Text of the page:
“The little woman. She is dressed in white, with a gold-and-white
sunshade, and yellow gloves and boots, and she has a gold reticule in
her hand. Is that she?”
Ralph Martin admitted that it was she. On the other hand, Balsamo
did not admit that he had seen her an hour earlier and had made an
appointment with her.
There was a quiet knock on the door. Ralph started.
“You hear,” said Balsamo, quietly, “I fear you will never win her.”
“You said just now positively that I shouldn't,” Ralph exclaimed.
“I did not,” said Balsamo. “I would like to help you. I am very
sorry for you. It is not often I see a hand like yours. I might be able
to help you; the destiny is not yet settled.”
“I'll give you anything to help me,” said Ralph.
“It will be a couple of guineas,” said Balsamo.
“But what guarantee have I?” Ralph asked rudely, when he had paid
the money—to Balsamo, not to the secretary. Such changes of humour
were characteristic of him.
“None!” said Balsamo, with dignity, putting the sovereigns on the
table. “But I am sorry for you. I will tell you what you can do. You
can go behind those curtains there”—he pointed to the inner door—“and
listen to all that I say.”
A proposal open to moral objections! But when you are in the state
that Ralph Martin was in, and have experienced what he had just
experienced, your out-look upon morals is apt to be disturbed.
“Young lady,” Balsamo was saying. “Rest assured that I have not
taken five shillings from you for nothing. Your lover has a wart on his
Daintiness itself sat in front of him, with her little porcelain
hands lying on the black cushion. And daintiness was astonished into
withdrawing those hands.
“Please keep your hands still,” said Balsamo, firmly, and proceeded:
“But you have another lover, older, who has recently come into your
life. Fair, tall. A successful man who will always be successful. Is it
“Yes,” a little voice muttered.
“You can't make up your mind between them? Answer me.”
“And you wish to learn the future. I will tell you—you will marry
the fair man. That is your destiny. And you will be very happy. You
will soon perceive the bad qualities of the one with the wart. He is a
wicked man. I need not urge you to avoid him. You will do so.”
“A bad man!”
“A bad man. You see there are two sovereigns lying here. That man
has actually tried to bribe me to influence you in his favour?”
“Since you mention his Christian name, I will mention his surname.
It is written here. Martin.”
“He can't have—possibly—”
Balsamo strode with offended pride to the portiere, and pulled it
away, revealing Mr Ralph Martin, who for the second time that afternoon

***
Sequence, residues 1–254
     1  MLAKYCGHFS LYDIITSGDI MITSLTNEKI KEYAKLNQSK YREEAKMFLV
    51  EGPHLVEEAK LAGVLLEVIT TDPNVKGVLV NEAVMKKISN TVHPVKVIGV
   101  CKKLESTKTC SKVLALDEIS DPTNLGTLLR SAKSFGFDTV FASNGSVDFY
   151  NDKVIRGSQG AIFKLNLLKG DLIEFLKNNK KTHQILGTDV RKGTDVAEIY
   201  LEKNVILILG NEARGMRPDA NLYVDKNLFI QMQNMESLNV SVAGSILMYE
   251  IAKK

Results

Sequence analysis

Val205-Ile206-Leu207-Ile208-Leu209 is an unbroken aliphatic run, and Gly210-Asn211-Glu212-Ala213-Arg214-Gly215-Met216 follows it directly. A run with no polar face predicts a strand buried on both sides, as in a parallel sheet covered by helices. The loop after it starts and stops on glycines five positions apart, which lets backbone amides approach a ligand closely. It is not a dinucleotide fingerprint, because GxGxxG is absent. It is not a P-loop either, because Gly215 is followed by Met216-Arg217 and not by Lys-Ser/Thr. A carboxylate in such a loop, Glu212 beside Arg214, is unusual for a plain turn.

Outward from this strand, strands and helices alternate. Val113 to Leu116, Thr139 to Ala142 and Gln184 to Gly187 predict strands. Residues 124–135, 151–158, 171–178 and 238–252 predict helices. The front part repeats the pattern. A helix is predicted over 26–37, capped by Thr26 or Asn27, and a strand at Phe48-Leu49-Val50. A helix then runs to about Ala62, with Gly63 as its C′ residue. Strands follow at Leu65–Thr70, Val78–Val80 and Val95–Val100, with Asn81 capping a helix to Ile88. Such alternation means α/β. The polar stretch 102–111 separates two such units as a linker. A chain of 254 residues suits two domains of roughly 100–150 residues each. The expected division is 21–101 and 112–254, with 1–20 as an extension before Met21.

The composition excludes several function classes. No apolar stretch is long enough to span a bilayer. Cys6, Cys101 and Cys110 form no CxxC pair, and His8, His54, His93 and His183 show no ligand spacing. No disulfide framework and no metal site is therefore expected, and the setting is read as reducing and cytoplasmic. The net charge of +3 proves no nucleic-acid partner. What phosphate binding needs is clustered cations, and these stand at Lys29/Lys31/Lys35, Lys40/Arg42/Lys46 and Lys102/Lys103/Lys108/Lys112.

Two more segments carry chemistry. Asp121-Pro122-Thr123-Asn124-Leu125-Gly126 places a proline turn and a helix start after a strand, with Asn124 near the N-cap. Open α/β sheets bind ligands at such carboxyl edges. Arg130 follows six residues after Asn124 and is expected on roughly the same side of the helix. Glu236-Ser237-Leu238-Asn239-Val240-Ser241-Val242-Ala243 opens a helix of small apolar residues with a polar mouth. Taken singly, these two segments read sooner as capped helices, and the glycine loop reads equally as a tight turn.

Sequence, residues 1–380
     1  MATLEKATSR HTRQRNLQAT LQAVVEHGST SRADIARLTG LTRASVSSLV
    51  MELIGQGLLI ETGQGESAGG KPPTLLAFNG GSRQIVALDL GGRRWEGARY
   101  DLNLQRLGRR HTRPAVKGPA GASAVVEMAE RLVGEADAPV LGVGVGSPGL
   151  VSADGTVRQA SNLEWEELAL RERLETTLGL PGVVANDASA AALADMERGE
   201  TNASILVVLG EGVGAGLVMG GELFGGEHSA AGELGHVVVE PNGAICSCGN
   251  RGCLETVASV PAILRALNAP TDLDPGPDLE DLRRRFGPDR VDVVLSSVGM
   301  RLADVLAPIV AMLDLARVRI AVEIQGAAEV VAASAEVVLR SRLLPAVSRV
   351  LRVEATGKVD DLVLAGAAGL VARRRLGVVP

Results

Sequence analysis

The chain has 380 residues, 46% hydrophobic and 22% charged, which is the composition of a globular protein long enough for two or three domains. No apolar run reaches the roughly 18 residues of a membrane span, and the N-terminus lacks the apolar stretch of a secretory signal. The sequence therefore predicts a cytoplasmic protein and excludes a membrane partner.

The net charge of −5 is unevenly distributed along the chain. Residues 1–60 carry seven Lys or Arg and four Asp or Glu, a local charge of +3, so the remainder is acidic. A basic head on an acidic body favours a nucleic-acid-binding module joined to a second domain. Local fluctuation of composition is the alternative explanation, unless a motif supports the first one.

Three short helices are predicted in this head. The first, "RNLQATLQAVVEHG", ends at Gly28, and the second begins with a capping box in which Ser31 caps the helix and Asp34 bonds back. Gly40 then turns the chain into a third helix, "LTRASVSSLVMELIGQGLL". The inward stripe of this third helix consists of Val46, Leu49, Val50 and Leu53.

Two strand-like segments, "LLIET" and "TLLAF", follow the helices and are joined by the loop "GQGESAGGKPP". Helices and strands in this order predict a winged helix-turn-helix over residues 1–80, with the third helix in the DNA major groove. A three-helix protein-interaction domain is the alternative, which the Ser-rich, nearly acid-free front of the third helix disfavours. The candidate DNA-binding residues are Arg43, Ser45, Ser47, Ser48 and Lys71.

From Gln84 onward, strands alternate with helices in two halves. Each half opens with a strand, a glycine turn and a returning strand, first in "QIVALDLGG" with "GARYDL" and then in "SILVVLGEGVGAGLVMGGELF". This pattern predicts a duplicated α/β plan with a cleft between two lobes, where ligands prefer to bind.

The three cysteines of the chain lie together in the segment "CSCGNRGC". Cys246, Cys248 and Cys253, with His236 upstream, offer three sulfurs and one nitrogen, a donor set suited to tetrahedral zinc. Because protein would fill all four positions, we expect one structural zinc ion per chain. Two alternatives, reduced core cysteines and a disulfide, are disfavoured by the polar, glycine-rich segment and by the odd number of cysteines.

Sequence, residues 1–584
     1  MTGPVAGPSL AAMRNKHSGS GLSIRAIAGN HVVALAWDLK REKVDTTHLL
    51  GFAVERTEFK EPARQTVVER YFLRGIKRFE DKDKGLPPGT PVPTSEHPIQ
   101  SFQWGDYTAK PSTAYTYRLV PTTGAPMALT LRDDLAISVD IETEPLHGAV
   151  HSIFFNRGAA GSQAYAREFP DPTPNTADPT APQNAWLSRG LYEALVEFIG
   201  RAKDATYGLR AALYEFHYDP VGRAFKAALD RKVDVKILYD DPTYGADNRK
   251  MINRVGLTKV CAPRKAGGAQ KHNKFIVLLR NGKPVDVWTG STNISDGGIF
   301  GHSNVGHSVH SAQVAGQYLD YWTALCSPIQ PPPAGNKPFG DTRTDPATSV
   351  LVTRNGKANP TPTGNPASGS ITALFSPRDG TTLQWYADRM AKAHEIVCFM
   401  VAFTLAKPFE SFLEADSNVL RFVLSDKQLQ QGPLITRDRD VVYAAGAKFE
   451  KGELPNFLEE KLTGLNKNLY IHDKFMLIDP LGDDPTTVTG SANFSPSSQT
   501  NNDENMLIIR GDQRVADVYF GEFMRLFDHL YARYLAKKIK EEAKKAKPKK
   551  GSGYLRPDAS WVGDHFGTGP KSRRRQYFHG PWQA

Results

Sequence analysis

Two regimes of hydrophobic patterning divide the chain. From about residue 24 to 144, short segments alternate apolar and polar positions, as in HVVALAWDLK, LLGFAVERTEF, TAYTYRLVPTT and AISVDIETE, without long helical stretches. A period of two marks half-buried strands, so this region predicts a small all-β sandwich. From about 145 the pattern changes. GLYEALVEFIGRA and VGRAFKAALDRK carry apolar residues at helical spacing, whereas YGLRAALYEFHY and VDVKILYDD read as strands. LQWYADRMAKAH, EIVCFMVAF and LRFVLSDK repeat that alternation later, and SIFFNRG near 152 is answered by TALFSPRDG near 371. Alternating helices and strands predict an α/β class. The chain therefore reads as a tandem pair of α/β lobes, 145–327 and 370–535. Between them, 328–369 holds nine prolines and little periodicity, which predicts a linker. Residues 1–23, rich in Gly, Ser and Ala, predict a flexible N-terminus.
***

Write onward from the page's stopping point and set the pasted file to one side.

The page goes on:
knew not what to say or to do.
“I tell you—” Ralph began, as red as fire.
“Silence, sir! Let this teach you not to try to corrupt an honest
professional man! Surely I had amply convinced you of my powers! Take
your miserable money!” He offered the miserable money to Ralph, who
stuck his hands in his pockets, whereupon Balsamo flung the miserable
money violently on to the floor.
A deplorable scene followed, in which the presence of Balsamo did
not prevent Florence Bostock from conveying clearly to Ralph what she
thought of him. They spoke before Balsamo quite freely, as two people
will discuss maladies before a doctor. Ralph departed first; then
Florence. Then Balsamo gathered up the sovereigns. He had honestly
earned Adam's fiver, and since Ralph had refused the two pounds—“I
have seen their hands,” said Balsamo the next day to Adam Tellwright.
“All is clear. In a month you will be engaged to her.”
“A month. I regret that I had a painful scene with your rival. But
of course professional etiquette prevents me from speaking of that. Let
me repeat, in a month you will be engaged to her.”
This prophecy came true. Adam Tellwright, however, did not marry
Florence Bostock. One evening, in a secluded corner at a dance, Ralph
Martin, without warning, threw his arms angrily, brutally,
instinctively round Florence's neck and kissed her. It was wrong of
him. But he conquered her. Love is like that. It hides for years, and
then pops out, and won't be denied. Florence's engagement to Adam was
broken. She married Ralph. She knew she was marrying a strange,
dark-minded man of uncertain temper, but she married him.
As for the unimpeachable Adam, he was left with nothing but the
uneasy fear that he was doomed to die at fifty-two. His wife (for he
got one, and a good one) soon cured him of that.